How Does Probate Work When there is No Will?

17 November 2017

If Probate is needed but the person who died did not leave a valid Will, the Administrators of the Estate must apply for a Grant of Letters of Administration. This information applies in England and Wales.

When Probate is needed after someone dies, you must find out whether or not there is a Will. This is because it will influence the way in which Probate is carried out.

If there is a Will, things are little more clear-cut. For instance, you’ll know who is responsible for obtaining Grant of Probate and administering the Estate, because the deceased will have appointed Executors in their Will. You’ll also know who should inherit from the Estate, as the deceased will have named beneficiaries in their Will.

But if there isn’t a Will, the deceased’s wishes won’t be set out in a legally valid document, so the law must determine what happens instead. Under inheritance laws called the Rules of Intestacy (explained further below), when there is no Will, the law decides who gets what.

By making a Will you set out what happens to your Estate when you die, including your pets; rather than leaving it up to the government.

Choosing Administrators of the Estate

The first thing the law will decide is who can apply for Probate and administer the Estate. Where there is no Will, this person is called the Administrator.

According to the law in England and Wales, one of the deceased’s beneficiaries may take on the role of Administrator. The beneficiaries are decided by the Rules of Intestacy, and they follow a strict order of priority which sets out who benefits most from the Estate.

Therefore the person who applies for Probate will be someone who is entitled to inherit under the Rules of Intestacy. If you cannot decide who this should be, priority is given to the deceased’s next of kin. So if the deceased was married and their husband or wife is still alive, he/she is entitled to be the Administrator above anyone else.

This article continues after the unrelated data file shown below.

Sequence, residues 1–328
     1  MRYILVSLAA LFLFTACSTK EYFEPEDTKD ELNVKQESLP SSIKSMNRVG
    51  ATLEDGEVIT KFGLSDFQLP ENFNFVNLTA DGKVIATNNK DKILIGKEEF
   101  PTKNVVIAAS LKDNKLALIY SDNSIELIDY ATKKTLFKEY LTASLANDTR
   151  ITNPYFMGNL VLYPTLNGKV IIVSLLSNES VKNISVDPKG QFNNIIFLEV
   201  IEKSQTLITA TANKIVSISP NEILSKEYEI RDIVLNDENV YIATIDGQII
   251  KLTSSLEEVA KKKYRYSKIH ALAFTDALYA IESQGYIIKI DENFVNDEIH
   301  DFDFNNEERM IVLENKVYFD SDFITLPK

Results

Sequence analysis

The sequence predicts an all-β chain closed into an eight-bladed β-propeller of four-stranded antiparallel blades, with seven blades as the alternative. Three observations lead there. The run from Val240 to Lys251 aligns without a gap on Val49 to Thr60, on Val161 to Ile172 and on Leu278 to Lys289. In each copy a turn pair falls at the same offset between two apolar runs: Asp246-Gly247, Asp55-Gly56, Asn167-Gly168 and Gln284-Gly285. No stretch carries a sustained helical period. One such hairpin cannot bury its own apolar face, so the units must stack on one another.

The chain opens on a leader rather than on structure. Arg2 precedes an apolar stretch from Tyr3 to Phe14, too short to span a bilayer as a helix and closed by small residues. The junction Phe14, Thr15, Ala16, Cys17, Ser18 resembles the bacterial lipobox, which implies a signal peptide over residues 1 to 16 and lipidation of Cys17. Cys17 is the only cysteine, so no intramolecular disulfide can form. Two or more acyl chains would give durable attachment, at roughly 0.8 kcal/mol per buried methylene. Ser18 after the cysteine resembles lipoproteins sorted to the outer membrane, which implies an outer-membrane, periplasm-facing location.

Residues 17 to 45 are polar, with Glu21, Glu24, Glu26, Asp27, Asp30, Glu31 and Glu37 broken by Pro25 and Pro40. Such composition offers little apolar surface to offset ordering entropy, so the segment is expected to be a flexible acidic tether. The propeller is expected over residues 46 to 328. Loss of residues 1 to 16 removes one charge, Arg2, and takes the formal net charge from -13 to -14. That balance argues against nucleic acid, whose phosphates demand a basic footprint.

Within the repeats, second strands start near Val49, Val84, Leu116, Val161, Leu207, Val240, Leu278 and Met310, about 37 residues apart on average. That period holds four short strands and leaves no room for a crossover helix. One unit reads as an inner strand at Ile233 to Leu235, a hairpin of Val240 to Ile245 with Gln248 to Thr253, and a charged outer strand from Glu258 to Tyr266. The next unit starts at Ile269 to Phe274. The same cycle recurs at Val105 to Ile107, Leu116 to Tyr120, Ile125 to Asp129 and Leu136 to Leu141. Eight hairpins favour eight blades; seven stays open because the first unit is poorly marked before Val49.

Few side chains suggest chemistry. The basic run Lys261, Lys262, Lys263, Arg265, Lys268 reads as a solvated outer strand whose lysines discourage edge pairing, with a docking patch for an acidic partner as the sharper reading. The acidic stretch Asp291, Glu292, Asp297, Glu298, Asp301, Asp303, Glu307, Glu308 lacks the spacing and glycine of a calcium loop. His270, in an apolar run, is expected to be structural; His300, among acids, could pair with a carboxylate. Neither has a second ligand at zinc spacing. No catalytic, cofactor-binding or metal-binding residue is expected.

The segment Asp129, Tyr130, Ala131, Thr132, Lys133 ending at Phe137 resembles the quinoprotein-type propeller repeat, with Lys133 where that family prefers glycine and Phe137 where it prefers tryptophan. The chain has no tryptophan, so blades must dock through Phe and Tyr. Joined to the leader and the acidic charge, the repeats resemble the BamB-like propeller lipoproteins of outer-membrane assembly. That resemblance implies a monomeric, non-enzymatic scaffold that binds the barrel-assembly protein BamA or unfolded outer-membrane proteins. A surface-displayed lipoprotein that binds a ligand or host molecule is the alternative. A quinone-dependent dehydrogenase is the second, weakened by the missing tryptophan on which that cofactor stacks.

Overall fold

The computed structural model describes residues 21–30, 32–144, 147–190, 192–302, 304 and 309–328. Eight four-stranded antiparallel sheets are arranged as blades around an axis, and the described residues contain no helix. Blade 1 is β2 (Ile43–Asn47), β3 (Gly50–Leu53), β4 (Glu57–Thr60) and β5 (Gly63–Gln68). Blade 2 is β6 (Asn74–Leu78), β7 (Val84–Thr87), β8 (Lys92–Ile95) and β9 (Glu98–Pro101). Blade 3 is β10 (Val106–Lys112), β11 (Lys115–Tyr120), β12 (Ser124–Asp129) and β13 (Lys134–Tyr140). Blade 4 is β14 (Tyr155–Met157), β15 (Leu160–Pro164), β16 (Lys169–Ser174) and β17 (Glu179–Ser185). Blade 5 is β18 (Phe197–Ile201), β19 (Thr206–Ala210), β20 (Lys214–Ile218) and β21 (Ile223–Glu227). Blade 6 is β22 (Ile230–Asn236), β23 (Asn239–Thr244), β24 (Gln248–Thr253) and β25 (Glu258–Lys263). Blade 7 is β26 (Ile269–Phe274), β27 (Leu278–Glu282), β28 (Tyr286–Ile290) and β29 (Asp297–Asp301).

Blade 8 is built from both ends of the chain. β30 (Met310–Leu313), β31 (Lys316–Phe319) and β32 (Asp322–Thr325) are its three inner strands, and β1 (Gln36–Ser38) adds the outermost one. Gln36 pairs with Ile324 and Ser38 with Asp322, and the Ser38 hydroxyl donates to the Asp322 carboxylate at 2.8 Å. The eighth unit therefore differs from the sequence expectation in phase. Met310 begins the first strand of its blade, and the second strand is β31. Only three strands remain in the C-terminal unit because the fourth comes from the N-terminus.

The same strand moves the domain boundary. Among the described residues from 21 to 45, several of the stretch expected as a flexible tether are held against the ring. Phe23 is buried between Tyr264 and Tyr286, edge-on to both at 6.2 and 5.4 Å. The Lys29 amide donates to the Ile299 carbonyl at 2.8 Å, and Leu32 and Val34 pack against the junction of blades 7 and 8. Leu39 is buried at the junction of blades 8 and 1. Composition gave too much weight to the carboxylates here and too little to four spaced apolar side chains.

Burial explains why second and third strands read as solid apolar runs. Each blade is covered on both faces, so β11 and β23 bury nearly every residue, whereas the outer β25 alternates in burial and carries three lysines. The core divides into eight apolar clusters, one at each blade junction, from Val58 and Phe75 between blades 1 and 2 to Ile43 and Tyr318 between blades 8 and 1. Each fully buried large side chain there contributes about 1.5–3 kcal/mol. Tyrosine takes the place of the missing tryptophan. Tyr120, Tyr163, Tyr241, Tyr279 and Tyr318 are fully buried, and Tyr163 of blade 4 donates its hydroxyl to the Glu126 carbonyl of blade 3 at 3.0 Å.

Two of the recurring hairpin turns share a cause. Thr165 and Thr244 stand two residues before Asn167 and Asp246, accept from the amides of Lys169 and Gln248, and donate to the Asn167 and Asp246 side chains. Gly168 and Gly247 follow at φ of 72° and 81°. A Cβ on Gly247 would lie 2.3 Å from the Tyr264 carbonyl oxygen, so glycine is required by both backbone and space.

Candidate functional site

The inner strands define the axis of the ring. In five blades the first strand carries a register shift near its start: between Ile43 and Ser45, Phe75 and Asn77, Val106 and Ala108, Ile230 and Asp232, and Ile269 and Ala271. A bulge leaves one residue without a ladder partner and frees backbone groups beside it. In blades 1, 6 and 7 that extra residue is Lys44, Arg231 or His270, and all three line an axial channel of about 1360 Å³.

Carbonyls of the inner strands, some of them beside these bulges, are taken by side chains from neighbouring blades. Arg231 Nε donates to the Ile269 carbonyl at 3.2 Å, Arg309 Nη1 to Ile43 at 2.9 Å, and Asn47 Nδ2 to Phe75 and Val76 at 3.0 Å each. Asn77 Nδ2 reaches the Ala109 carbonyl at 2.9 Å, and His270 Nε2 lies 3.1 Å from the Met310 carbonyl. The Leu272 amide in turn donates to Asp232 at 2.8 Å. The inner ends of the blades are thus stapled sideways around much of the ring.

With our Probate Complete Service we take full responsibility for getting Grant of Probate and dealing with the Legal, Tax (not VAT), Property and Estate Administration affairs.

Grant of Letters of Administration

Once the Administrator has been decided, he/she must make an application to the Probate Registry for a Grant of Letters of Administration. This is slightly different if there is a Will, in which case it’s necessary to apply for a Grant of Probate; which includes sending copies of the Will to the Probate Registry. 

If the Administrator is applying for Probate as an individual, rather than using a Probate Solicitor, he/she will need to fill out a Probate application form PA1. This must be sent to the Probate Registry along with:

  • An official copy of the death certificate
  • The Probate Registry fee
  • An Inheritance Tax form.

The Administrator will also have to swear an Oath, and in some instances attend an interview at a Probate Registry office.

Administering the Estate

Once a Grant of Letters of Administration has been issued, the Administrator can then set about finalising the Estate. This is much the same as it would be if the deceased had left a Will. There are a number of tasks to complete, such as selling or transferring property, closing down bank accounts, calculating and paying any Inheritance Tax due; and paying outstanding debts.

Distributing the Estate

When all of the above has been done, the Administrator can then distribute the Estate to the beneficiaries. As mentioned above, the beneficiaries will be decided by the Rules of Intestacy. These determine who is entitled to receive a share of the Estate, and in what proportion.

The Rules of Intestacy put relatives into an order of priority and who receives what depends on the size of the Estate and which relatives survive the deceased. So the Estate may be shared between a number of different beneficiaries – and each may be entitled to receive differing amounts.

The Rules of Intestacy can become complex. However, it’s important that the Administrator follows the law carefully, or a beneficiary could claim that he/she has not received their rightful share of inheritance. If so, the Administrator could be held accountable. 

The Administrator could also be held accountable for any mistakes made in the Estate accounts, dealings with HM Revenue & Customs; or in the Estate administration process.

Our Probate Complete Service takes the responsibility off your shoulders. There are no upfront fees and we can pay all the costs of a Co-op Funeralcare funeral, providing the Estate owns sufficient assets which can be sold in due course to repay our costs.

Co-op Legal Services is the largest provider of Probate and Estate Administration services in England and Wales, trusted to deal with over £1.3 billion in Estates annually.

Our Probate team includes over 170 staff of specialist Probate Solicitors, Lawyers, Case Handlers, Advisors and our national network of Probate Consultants; all of whom only deal with Probate.

If someone has died and you need help with probate, contact us:

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